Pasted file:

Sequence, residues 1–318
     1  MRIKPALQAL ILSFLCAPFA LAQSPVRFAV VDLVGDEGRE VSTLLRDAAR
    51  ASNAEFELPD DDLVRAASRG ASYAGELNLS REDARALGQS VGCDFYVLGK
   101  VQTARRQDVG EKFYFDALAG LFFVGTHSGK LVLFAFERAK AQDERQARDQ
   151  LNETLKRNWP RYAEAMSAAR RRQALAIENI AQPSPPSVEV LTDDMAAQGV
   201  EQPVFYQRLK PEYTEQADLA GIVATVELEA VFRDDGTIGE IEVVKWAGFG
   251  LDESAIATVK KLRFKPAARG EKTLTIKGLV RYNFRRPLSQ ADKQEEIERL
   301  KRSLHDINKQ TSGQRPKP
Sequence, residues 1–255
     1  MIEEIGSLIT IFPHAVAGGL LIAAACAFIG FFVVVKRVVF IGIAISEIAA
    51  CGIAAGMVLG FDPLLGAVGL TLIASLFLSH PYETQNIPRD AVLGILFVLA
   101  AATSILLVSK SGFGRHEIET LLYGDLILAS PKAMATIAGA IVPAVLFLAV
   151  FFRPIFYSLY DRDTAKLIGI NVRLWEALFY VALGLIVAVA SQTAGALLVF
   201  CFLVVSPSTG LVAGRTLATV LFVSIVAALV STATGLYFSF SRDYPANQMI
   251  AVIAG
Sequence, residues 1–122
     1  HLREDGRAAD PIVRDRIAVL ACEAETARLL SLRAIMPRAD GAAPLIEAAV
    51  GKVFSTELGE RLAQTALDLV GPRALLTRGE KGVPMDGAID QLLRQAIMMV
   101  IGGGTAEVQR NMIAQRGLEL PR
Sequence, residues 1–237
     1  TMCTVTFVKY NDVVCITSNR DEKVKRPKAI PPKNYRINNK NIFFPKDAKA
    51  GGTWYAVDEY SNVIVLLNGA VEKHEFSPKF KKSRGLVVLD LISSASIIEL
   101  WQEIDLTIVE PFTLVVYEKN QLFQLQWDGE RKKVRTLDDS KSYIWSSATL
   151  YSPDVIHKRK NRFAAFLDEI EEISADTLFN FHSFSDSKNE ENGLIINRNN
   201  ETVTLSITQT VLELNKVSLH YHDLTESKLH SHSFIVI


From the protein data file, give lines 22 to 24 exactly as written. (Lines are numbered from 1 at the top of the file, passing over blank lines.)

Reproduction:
    51  GGTWYAVDEY SNVIVLLNGA VEKHEFSPKF KKSRGLVVLD LISSASIIEL
   101  WQEIDLTIVE PFTLVVYEKN QLFQLQWDGE RKKVRTLDDS KSYIWSSATL
   151  YSPDVIHKRK NRFAAFLDEI EEISADTLFN FHSFSDSKNE ENGLIINRNN